Hands, those perfectly designed, balanced, flexible, coordinated, five-fingered extensions of the human arm, capable of grasping, lifting, cupping, holding, climbing, in use always, in some ways more expressive than words, a uniquely human body part, reflective of one’s innermost personality and persona. Hands can be used to heal, to soothe, to caress, to comfort, to instruct. Hands are what we engage to build, to rescue, to assist, to demonstrate, to pray. We are shaped and defined by our hands, with us from birth, that to which we owe our lives, fit, capable, and strong, agile, dexterous, and deft, our most essential physical presence we take for granted but could not live without.
“Behold the hands, how they promise, conjure, appeal, menace, pray, supplicate, refuse, beckon, interrogate, admire, confess, cringe, instruct, command, mock and what not besides, with a variation and multiplication of variation which makes the tongue envious.” ― Michel de Montaigne
Thinking is intimately tied to the hands. We learn through our hands. There’s a network of connected arteries and nerves––Netter’s Atlas of Human Anatomy has a cross-section of the distal phalanx with a description of “minute arteries” and “fine nerves”––but hands shape and guide our thoughts as well, probably in subtle, yet undiscovered ways. Think of the contour and configuration of your hands as a channel of influence, an undiscovered path, a means of control.
There’s probably a relationship between osteoarthritis of the hands and the onset of depression. Indeed, there’s medical literature to suggest a link: “Anxiety and depression are interrelated with pain and physical limitation, the two key OA [osteoarthritis] symptoms. Studies in our review have revealed that anxiety and depression can significantly impair QoL [quality of life] of patients by altering pain perception and functional capacity.”
Fixate on the hand, meditate on its ways. Think of ways to make verbal speech something “hand-like.” Think of ways to make a written phrase or sentence something “hand-formed.” Think of ways to make reasoning something “hand-measured.” Handwritten, hand-drawn, handcrafted––we instantly associate a special kind of quality to that which is linked to the hands. Orchestral music lends its magic in part because we know it originates from the hands. Professional athletes, artists, musicians, builders––the hands are their medium. Surgeons instinctively learn to protect their hands at all costs.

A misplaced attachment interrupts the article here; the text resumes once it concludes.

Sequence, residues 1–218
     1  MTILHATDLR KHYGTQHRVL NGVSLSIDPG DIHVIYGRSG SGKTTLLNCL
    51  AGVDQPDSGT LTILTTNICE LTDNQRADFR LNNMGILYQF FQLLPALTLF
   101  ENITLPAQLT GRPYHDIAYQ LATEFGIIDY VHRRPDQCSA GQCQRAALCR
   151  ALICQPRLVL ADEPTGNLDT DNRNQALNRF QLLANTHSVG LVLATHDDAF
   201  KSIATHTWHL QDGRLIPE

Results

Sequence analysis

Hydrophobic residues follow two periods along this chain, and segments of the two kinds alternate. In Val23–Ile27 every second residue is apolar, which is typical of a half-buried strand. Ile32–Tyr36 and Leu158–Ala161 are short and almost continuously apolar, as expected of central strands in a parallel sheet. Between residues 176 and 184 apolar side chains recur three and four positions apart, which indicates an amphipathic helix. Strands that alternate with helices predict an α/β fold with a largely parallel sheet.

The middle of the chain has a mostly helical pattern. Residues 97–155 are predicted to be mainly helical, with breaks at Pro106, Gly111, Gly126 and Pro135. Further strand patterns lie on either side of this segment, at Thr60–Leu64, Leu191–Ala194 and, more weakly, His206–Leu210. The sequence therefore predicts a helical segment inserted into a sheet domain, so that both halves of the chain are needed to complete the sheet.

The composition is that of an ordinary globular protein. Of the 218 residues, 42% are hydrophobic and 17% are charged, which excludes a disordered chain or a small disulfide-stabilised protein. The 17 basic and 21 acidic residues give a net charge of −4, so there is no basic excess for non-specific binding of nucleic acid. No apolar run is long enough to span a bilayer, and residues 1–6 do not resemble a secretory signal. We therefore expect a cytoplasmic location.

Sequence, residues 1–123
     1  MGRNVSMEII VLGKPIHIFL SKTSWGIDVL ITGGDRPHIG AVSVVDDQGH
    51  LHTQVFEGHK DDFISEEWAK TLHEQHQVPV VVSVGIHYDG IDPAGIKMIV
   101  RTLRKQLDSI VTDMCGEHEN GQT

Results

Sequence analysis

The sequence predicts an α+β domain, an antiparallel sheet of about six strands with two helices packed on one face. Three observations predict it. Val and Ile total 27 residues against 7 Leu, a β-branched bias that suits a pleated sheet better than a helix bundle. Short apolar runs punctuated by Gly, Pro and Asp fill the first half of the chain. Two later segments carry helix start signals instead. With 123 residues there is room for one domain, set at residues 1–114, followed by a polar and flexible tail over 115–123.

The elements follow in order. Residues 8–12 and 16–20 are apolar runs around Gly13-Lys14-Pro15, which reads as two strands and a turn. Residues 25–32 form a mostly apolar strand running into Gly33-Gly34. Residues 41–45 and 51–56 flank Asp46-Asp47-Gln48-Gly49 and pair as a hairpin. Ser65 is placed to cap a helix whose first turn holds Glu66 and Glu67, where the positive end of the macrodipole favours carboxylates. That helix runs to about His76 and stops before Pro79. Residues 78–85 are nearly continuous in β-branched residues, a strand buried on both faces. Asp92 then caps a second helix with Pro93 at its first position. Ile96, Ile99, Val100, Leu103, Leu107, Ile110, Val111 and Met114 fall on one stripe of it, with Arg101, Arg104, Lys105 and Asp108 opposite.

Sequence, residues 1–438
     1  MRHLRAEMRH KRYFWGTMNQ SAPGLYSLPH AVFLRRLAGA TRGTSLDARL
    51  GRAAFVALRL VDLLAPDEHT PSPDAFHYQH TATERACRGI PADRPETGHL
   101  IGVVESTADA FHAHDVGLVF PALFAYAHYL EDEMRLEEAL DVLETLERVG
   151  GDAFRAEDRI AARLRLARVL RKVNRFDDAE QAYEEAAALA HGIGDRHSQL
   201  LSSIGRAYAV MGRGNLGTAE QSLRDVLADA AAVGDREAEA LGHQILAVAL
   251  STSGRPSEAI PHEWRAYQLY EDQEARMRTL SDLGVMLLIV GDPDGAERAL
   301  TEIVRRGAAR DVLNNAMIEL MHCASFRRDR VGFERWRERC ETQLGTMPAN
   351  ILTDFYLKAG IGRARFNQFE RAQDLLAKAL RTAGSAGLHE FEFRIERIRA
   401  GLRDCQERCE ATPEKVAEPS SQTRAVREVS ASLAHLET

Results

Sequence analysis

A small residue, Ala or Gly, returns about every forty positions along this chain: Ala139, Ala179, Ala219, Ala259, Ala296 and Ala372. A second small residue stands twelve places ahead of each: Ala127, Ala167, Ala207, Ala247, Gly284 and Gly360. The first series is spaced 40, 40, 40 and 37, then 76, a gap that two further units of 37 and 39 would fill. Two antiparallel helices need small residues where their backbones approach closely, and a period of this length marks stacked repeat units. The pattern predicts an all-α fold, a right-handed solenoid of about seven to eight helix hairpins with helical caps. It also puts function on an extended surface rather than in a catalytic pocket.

“The sophisticated function of the human hand with its more than 20 independent degrees-of-freedom (DOF), actuated by more than 30 muscles and aided by numerous proprioceptive and tactile sensors, remained for a long time far beyond the reach of any human technology…”
Today’s male, dressed in suit and tie, is permitted to expose to public view only two areas of the human body––his face and hands. Everything else is covered in multiple layers of clothing. We do not require the wearing of gloves. We derive immediate security and serenity from seeing another’s hands––their mere presence inspires our trust and confidence. “We find only one tool, neither created nor invented, but perfect: the hand of man.”––Julio Ramón Ribeyro, Marginal Voices: Selected Stories. Our hands are as fundamental to us as language itself. In making sense of the world’s complexity, our minds can deceive us, but we can always depend on our hands.
 Anirudh Sharma, Prtha Kudesia, Qian Shi, Rajiv Gandhi, Anxiety and depression in patients with osteoarthritis: impact and management challenges, Open Access Rheumatol. 2016; 8: 103–113. Published online 2016 Oct 31. doi: 10.2147/OARRR.S93516
 Helge Ritter, Robert Haschke, Hands, Dexterity, and the Brain, in Humanoid Robotics and Neuroscience: Science, Engineering and Society, https://www.ncbi.nlm.nih.gov/books/NBK299038/